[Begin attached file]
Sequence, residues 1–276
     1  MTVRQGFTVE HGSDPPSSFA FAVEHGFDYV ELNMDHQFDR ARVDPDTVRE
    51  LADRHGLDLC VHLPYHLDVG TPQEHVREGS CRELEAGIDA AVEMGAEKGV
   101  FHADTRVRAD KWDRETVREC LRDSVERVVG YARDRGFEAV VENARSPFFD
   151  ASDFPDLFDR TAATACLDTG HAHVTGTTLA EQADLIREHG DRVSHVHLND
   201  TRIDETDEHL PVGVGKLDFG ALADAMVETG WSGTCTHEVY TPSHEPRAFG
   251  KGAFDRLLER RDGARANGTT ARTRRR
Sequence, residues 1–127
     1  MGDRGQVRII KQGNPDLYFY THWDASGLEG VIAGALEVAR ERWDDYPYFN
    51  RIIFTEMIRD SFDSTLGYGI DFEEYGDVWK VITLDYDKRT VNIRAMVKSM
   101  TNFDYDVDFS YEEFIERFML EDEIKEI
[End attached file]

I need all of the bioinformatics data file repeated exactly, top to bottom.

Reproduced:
Sequence, residues 1–276
     1  MTVRQGFTVE HGSDPPSSFA FAVEHGFDYV ELNMDHQFDR ARVDPDTVRE
    51  LADRHGLDLC VHLPYHLDVG TPQEHVREGS CRELEAGIDA AVEMGAEKGV
   101  FHADTRVRAD KWDRETVREC LRDSVERVVG YARDRGFEAV VENARSPFFD
   151  ASDFPDLFDR TAATACLDTG HAHVTGTTLA EQADLIREHG DRVSHVHLND
   201  TRIDETDEHL PVGVGKLDFG ALADAMVETG WSGTCTHEVY TPSHEPRAFG
   251  KGAFDRLLER RDGARANGTT ARTRRR
Sequence, residues 1–127
     1  MGDRGQVRII KQGNPDLYFY THWDASGLEG VIAGALEVAR ERWDDYPYFN
    51  RIIFTEMIRD SFDSTLGYGI DFEEYGDVWK VITLDYDKRT VNIRAMVKSM
   101  TNFDYDVDFS YEEFIERFML EDEIKEI